Perceptions of gender-related discrimination against the self and group were examined in women and men, with a focus on the predictive utility of modern sexism and 3 dimensions of social identification (ingroup ties, centrality, and ingroup affect). Questionnaires were completed by 321 undergraduates (206 women and 115 men), of whom 78% self-identified as White and 10% as Asian. Higher levels of personal and group discrimination tended to be perceived by high-neosexism men and low-neosexism women. The centrality of gender identification was positively related to men's personal-level perceptions of discrimination, whereas effects of the emotional facets of social identity—ingroup ties and ingroup affect—occurred jointly with both gender and modern sexism. The results are discussed with reference to social identity theory and the personal/group discrimination discrepancy.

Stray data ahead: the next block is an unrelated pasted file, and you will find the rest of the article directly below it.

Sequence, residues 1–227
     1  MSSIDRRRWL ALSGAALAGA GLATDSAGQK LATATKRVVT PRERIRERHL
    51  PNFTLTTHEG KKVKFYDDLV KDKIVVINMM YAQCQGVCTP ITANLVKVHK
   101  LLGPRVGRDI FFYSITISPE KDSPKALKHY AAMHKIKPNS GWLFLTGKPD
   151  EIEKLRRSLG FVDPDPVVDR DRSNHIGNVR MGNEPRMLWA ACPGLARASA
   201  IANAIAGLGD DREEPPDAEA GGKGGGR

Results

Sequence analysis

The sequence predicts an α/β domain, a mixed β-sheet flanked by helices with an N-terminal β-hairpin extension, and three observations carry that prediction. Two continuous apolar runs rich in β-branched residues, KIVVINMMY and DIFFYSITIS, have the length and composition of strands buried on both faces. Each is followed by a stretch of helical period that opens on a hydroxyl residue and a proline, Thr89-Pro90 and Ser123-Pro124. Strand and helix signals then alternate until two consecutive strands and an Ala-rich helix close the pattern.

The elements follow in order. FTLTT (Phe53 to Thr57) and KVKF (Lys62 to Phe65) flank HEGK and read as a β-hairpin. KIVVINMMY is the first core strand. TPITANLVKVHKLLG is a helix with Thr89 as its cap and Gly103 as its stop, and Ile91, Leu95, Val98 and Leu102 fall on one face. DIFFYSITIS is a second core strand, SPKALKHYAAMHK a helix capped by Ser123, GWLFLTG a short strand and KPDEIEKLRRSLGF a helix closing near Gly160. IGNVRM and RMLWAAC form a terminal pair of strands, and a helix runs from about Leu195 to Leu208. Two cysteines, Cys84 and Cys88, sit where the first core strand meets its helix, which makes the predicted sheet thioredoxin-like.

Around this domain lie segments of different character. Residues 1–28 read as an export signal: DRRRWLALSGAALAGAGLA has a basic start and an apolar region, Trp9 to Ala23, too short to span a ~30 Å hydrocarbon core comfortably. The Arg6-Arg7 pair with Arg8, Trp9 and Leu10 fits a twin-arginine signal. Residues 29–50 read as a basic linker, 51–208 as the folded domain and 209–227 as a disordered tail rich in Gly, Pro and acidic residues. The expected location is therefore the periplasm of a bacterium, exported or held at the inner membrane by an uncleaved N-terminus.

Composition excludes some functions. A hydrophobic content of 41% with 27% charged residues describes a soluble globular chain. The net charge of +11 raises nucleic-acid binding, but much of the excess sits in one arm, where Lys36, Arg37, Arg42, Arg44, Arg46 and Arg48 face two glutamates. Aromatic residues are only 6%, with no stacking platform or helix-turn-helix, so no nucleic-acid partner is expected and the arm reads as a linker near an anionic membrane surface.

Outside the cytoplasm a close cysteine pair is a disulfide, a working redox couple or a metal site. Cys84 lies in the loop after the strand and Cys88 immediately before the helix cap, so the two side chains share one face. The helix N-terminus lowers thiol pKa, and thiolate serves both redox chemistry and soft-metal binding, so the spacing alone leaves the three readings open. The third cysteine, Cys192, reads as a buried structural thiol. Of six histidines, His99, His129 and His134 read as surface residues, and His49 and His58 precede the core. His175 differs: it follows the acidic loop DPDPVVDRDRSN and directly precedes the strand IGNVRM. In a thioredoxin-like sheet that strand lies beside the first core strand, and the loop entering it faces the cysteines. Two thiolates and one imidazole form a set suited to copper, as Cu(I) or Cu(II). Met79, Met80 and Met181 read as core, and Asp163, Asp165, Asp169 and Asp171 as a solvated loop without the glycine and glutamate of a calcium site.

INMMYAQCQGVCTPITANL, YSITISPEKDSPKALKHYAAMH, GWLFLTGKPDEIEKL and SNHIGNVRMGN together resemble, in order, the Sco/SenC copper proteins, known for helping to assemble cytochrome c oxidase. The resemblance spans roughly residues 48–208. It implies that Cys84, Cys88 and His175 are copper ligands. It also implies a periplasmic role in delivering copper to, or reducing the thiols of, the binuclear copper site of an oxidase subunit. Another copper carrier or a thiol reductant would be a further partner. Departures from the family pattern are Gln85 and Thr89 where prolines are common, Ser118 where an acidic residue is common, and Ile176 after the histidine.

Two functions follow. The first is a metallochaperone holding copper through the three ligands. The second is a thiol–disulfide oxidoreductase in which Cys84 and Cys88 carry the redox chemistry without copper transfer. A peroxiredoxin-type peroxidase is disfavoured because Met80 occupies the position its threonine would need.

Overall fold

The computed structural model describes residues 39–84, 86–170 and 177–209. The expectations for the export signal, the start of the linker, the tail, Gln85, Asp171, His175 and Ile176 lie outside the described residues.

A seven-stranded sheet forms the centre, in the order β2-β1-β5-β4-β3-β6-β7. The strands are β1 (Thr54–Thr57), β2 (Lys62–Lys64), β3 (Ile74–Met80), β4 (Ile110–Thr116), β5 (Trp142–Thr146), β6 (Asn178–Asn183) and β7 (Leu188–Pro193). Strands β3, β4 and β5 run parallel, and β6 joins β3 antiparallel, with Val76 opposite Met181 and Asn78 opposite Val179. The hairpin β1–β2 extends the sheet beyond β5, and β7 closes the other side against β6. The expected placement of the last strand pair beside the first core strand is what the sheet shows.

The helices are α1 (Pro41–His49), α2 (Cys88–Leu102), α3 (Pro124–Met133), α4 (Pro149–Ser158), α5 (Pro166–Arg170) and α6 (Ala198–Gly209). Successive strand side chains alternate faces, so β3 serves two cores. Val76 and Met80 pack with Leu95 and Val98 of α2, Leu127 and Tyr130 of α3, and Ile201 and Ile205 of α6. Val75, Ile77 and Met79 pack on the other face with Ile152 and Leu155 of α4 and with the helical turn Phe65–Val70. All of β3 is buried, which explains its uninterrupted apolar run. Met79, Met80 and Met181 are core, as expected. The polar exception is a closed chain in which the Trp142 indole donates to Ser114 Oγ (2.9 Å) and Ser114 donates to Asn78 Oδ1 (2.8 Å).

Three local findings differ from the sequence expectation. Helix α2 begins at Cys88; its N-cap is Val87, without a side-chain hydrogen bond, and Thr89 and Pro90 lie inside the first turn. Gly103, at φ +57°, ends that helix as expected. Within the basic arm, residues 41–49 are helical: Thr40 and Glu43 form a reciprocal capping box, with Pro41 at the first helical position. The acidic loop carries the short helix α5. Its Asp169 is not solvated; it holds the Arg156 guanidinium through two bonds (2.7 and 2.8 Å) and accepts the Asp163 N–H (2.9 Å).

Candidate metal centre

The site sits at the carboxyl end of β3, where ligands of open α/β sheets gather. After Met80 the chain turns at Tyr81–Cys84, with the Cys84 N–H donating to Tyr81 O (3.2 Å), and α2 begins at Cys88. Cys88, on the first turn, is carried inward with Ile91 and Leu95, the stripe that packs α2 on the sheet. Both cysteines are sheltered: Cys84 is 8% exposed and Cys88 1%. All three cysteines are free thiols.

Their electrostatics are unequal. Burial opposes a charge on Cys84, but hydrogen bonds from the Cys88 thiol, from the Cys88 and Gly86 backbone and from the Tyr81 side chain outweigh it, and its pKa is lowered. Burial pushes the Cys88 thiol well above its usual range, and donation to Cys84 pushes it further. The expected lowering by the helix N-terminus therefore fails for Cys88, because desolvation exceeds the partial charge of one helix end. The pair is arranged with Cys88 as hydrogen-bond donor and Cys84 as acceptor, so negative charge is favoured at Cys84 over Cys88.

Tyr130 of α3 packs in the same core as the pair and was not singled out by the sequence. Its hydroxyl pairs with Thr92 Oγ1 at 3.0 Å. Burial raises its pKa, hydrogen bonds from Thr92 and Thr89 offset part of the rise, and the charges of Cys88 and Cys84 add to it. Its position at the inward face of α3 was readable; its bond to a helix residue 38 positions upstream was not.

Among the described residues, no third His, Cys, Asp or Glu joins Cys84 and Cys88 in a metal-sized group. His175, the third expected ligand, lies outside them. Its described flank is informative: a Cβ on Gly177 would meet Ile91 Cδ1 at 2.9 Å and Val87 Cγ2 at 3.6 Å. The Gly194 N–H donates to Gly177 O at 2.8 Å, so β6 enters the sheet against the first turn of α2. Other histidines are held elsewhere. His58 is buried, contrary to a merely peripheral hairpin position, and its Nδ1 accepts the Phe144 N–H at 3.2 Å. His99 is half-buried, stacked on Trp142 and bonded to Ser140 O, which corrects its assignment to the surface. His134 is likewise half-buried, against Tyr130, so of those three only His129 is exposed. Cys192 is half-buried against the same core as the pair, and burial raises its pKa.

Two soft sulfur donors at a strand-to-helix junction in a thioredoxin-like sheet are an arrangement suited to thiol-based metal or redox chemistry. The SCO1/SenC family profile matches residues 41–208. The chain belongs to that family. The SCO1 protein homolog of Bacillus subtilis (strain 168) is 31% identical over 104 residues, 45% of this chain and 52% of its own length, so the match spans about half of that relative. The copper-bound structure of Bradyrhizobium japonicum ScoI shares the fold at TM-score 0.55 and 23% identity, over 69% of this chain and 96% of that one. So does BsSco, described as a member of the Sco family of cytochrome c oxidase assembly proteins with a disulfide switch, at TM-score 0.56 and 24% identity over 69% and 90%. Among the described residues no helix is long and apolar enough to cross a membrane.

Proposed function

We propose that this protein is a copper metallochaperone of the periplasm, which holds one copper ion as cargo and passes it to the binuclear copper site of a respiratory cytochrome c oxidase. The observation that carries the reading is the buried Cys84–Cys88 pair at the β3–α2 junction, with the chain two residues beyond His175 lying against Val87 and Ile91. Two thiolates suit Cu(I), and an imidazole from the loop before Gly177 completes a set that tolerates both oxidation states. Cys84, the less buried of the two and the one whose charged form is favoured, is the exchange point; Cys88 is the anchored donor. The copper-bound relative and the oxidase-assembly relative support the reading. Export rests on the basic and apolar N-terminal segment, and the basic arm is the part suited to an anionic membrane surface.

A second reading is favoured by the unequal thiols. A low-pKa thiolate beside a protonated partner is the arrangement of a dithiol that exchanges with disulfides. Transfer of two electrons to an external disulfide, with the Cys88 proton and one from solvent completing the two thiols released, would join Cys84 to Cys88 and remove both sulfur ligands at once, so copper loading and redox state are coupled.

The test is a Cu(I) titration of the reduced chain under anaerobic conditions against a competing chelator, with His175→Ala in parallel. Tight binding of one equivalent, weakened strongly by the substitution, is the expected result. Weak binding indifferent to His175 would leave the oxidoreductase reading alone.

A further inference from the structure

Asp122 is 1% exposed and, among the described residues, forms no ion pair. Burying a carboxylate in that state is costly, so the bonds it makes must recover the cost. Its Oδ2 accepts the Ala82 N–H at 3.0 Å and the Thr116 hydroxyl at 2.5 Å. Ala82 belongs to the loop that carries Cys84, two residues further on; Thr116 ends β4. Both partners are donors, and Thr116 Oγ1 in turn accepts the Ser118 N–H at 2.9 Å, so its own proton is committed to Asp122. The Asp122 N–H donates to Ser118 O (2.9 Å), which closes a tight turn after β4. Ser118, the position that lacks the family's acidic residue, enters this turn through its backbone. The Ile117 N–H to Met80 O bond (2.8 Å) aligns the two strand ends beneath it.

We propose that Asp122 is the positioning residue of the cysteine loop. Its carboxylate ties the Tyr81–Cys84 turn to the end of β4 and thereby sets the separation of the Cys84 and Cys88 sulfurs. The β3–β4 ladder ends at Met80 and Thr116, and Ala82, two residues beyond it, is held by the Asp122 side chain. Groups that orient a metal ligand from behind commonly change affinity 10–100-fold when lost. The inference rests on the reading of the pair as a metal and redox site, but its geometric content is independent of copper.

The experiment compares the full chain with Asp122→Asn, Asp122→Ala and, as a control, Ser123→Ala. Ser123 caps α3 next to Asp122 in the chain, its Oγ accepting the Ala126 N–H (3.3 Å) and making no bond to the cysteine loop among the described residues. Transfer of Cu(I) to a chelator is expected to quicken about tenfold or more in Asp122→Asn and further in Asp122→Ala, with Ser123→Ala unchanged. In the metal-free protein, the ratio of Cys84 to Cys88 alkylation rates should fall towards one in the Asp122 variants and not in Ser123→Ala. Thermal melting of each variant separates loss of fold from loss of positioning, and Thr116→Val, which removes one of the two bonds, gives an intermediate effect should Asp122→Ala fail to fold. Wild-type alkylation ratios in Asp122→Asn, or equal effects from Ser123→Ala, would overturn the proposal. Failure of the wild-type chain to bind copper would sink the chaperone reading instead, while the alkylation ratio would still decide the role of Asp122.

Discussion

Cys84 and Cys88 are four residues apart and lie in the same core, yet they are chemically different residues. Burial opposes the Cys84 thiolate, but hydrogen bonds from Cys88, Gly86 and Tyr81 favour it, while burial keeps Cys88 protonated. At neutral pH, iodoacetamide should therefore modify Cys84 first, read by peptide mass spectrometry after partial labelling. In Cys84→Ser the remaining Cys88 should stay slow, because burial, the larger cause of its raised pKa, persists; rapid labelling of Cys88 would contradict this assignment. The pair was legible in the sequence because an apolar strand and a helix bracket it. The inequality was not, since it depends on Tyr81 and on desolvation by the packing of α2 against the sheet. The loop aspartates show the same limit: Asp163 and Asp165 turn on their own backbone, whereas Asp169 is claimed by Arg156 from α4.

Sex Roles – Springer Journals
Published: Oct 3, 2004
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